Limitations of previous L-DOPA work

However, these systems are not yet optimal for studying the effects of L-DOPA content on adhesive properties. Ideally, you need the ability to choose exactly which sites that L-DOPA should be incorporated. In current systems, you can only choose where there should be tyrosines.

Additionally, in current systems there is no guarantee that a tyrosine placed at your desired location will even end up as an L-DOPA, so we would also want the ability to know for certain that the residues of interest are in fact L-DOPA and not tyrosine.

Our solution: direct non-canonical amino acid incorporation

Incorporating the non-canonical amino acid L-DOPA directly would solve these problems of control and predictability. The M. jannaschii tRNA synthetase has been evolved to recognize the non-canonical amino acid L-DOPA by sequential rounds of positive and negative selection. The tRNA’s anticodon loop recognizes the UAG Amber stop codon and therefore this codon is now repurposed to code for a 21st amino acid.

In addition, release factor 1, which normally recognizes this Amber codon, can be knocked out, ensuring no competition between the stop codon’s old effect (termination) and its new effect (L-DOPA incorporation). The result of this system is an expansion of the cell’s genetic code to 21 amino acids, allowing precise control of targeted L-DOPA incorporation.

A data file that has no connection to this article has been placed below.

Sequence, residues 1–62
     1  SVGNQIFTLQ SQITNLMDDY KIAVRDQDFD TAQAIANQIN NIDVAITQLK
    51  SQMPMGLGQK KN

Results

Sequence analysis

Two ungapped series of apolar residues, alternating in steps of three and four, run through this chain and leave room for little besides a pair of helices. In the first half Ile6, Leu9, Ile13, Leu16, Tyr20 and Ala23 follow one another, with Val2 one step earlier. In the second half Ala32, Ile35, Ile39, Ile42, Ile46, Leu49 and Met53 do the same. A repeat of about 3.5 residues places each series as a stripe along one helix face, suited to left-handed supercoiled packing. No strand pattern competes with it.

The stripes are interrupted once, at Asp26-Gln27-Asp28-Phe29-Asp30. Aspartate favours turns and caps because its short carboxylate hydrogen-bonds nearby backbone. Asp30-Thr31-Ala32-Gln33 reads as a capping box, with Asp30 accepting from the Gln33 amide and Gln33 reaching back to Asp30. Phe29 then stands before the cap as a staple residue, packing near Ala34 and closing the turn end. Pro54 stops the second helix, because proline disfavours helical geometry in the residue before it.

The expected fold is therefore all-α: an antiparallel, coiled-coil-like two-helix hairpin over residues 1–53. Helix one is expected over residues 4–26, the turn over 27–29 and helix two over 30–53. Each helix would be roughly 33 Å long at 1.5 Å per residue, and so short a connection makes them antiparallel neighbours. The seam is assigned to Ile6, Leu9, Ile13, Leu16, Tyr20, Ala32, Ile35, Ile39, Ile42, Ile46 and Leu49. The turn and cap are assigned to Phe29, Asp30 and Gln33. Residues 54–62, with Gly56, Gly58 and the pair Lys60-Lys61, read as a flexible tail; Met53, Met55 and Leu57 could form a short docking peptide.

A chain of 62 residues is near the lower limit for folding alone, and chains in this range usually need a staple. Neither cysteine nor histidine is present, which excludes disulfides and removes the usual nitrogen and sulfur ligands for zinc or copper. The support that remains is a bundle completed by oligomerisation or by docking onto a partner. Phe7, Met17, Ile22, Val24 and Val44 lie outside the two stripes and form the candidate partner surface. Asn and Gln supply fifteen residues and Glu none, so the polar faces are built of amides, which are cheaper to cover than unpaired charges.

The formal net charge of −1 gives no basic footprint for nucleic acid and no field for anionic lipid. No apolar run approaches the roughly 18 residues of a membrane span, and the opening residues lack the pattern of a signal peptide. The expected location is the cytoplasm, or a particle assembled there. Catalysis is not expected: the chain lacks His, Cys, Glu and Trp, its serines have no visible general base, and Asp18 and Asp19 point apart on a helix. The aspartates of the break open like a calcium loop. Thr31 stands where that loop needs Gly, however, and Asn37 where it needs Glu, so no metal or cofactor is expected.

E. coli as a self-sufficient microbial factory

E. coli as biosynthetic factory for MAPs.png

Our vision is of E. coli as a biosynthetic "factory" able to make complicated products with simple inputs. By giving it the machinery to charge tRNA with L-DOPA, and expanding the genetic code to include L-DOPA, this non-canonical amino acid can be incorporated at rationally targeted locations, generating a library of foot protein variants.

Appropriate with this characterization of self-sufficiency and synthetic capability, these E. coli would not even need to be supplemented with exogenous L-DOPA, as they could continually generate it from intracellular free tyrosine.

Experimental design

Plasmids containing fp-151 variant library and L-DOPA biosynthesis cassette (top) and synthetase/tRNA pair (bottom).

A two-plasmid system would be appropriate for our aims. One plasmid would code for a library of fp-151 variants, each containing Amber codons in unique locations and quantities, yielding a diverse set of foot proteins with characteristic locations and numbers of L-DOPA residues. The adhesive properties of these variants would be compared against both in vitro and in vivo tyrosinase-treated foot proteins, which would serve as positive controls.

This plasmid would also contain our L-DOPA biosynthesis cassette, ensuring a continual source of non-canonical amino acid without supplementation.